New Mexico ranks first in greenlighting stimulus projects

No Comments

That’s according to the ProPublica Reporting Network, which crowdsourced a spot-check of 520 projects across the country. There’s a great article up (compiled by my buddy Amanda Michel) showing the state of stimulus funding in the 50 states. New Mexico appears to be doing well:

The federal Transportation Department data, listing the status through Aug. 7 of approved road and bridge projects in all 50 states, show a huge disparity in progress nationwide.

New Mexico is the furthest ahead when it comes to green-lighting projects, having issued a notice to proceed for all its approved projects.

According to Michel, the coming wave of construction is the big take away:

But in most cases, approved projects were still in the pre-construction phase, the Spot Check reporters found. “Construction is supposed to begin the first week of August, but I have yet to see any progress beginning,’’ wrote Coulter Jones, who looked into a $3 million paving project in Luzerne County, Pa.

Reports from the field came in over a two-week period in late July, so it’s possible some have advanced in the meantime. Coulter checked back last week, for instance, and found that work had begun on the Pennsylvania project.

In some cases, construction delays appeared to be the result of contractors’ schedules rather than red tape.

Looks like there’s some construction coming your way (no matter where you live).

Grant County Stimulus Funding

No Comments

The good people at ProPublica broke down the Recovery Act funding on a county-by-county level. Here’s the money going to Grant County. For example, you’ll see that Western New Mexico University received $1,423,579 for Pell Grants this year. If this page over at College Data is correct, that’s enough to cover full tuition for 415 in-state students. With all the layoffs in Grant County recently, hopefully it’s being put to good use.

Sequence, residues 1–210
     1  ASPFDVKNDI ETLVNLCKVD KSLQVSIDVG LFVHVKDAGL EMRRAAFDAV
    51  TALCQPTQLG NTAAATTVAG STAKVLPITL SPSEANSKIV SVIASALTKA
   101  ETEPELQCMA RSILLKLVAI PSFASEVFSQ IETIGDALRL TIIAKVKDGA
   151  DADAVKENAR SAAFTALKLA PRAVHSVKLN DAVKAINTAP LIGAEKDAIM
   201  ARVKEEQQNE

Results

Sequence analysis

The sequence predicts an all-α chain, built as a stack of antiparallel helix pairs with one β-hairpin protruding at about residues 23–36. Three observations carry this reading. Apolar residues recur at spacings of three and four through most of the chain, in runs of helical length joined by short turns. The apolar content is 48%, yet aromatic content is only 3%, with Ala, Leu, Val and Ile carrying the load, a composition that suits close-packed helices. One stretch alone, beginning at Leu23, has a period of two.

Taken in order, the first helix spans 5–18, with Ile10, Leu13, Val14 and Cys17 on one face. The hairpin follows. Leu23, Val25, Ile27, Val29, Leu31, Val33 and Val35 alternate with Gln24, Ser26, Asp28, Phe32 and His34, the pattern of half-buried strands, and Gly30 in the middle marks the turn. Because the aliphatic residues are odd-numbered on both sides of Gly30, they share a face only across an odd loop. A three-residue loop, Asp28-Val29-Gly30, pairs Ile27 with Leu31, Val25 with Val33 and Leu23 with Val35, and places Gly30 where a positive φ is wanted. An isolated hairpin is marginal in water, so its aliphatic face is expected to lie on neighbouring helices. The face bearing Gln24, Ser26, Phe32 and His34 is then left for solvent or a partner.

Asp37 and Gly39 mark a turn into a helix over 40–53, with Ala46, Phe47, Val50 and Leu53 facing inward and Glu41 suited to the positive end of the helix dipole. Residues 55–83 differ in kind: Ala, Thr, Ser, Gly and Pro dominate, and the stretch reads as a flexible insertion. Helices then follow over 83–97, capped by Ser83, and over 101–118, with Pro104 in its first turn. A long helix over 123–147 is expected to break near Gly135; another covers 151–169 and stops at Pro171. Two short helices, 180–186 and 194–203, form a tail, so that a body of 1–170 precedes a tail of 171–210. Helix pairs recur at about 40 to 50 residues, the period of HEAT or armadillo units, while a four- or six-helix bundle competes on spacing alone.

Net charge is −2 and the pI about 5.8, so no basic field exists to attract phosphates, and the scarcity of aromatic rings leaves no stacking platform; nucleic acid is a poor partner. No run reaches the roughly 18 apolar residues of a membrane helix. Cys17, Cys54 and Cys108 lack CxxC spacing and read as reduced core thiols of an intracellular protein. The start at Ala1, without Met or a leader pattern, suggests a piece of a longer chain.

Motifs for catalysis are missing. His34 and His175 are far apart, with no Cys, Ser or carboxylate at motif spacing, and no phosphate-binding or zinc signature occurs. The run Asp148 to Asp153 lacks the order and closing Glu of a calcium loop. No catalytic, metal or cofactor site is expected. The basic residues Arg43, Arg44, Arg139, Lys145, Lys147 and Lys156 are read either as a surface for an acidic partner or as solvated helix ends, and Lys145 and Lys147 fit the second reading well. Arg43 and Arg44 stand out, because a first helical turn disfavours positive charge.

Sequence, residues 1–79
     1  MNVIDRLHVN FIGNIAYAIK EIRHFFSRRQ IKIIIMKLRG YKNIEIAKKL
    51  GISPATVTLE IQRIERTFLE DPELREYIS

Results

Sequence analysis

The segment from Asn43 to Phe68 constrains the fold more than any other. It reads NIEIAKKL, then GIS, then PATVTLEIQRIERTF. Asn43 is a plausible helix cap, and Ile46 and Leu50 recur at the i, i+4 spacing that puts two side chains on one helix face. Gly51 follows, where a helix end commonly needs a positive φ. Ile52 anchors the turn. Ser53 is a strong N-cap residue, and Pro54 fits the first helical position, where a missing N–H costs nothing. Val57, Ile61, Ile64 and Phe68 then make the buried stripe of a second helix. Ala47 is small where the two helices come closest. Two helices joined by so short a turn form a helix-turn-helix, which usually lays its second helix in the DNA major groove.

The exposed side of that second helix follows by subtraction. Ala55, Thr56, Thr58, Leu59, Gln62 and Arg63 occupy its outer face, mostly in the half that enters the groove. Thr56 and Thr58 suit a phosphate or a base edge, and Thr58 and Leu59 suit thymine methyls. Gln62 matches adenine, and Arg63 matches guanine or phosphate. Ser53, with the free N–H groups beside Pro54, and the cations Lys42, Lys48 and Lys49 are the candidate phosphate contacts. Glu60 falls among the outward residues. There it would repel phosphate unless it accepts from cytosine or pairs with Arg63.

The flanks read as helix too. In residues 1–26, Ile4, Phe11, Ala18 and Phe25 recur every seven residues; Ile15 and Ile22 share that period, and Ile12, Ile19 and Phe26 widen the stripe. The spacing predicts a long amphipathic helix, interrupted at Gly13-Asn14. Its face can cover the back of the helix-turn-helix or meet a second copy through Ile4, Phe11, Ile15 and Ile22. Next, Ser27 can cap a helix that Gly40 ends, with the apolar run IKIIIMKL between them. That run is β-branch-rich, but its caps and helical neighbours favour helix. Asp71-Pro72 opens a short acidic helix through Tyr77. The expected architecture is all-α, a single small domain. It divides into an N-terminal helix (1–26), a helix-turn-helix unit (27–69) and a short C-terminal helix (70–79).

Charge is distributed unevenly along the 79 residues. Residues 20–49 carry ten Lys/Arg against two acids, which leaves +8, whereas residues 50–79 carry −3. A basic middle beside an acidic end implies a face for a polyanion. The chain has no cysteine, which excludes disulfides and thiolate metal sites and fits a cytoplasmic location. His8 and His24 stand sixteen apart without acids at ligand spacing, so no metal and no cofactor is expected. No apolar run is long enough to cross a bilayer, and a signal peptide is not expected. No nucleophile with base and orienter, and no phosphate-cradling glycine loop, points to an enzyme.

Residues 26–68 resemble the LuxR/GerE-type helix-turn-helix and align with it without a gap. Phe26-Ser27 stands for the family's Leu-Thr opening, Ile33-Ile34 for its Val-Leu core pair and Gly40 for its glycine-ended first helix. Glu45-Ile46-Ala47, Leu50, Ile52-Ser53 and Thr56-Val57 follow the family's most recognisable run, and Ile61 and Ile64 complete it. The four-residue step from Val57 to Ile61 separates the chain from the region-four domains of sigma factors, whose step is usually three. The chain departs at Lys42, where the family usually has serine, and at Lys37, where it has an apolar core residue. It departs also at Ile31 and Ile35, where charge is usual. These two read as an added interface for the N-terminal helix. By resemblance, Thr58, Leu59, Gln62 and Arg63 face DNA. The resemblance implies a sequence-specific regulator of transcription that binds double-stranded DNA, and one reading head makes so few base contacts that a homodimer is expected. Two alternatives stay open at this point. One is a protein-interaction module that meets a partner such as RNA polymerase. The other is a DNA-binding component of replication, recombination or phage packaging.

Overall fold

Making laws with the Congress you’ve got…

No Comments

That famous Donald Rumsfeld quote comes to mind as I watch this Huffington Post video of Congressmen using every move in the book to avoid answering questions about Barack Obama’s citizenship:

The video is via David Waldman over at Congress Matters (which you should be reading if you’re not already), who aptly describes why this shouldn’t be as funny as it is:

Look how uncomfortable they are even addressing the “question” of whether or not Barack Obama was born in the United States, lest their wack-a-doodle “base” become insulted and threaten to teabag them, or whatever the hell it is they’re so afraid of.

You think they’re gonna grow a spine on an actual issue of substance? What are you, a damn idiot?

When the Senate gives away the farm on health care reform, remember it’s because we’re trying to appease these Representatives so they’ll sign onto a “bipartisan” bill.

Kicking the dead horse: an online transcript

No Comments

My sister is really good about letting me know when I’ve been talking too much on IM:

me: Man
Back in like 1998
I picked up this version of Carmina Burana on CD for $1.99
and I listened the hell out of that CD
And now when I hear a version, it never sounds right to me
Aislinn: what a bargain
me: I’ve bought 4 different versions since then
And still can’t find one that’s “right.”
Aislinn: weird
me: I know
Either the tempo is off
Or the tenor can’t sing right
Or, even worse, the soprano sucks
Aislinn: i’m sorry
me: LOL
It’s OK
I still enjoy it
It’s just a little nag, you know?
Like watching your favorite movie, but one of the actors was different
Aislinn: yeah, i get it

All the above said, the version I just picked up on iTunes by the London Symphony Orchestra is pretty damn amazing.

Post meme from Dan Carlson.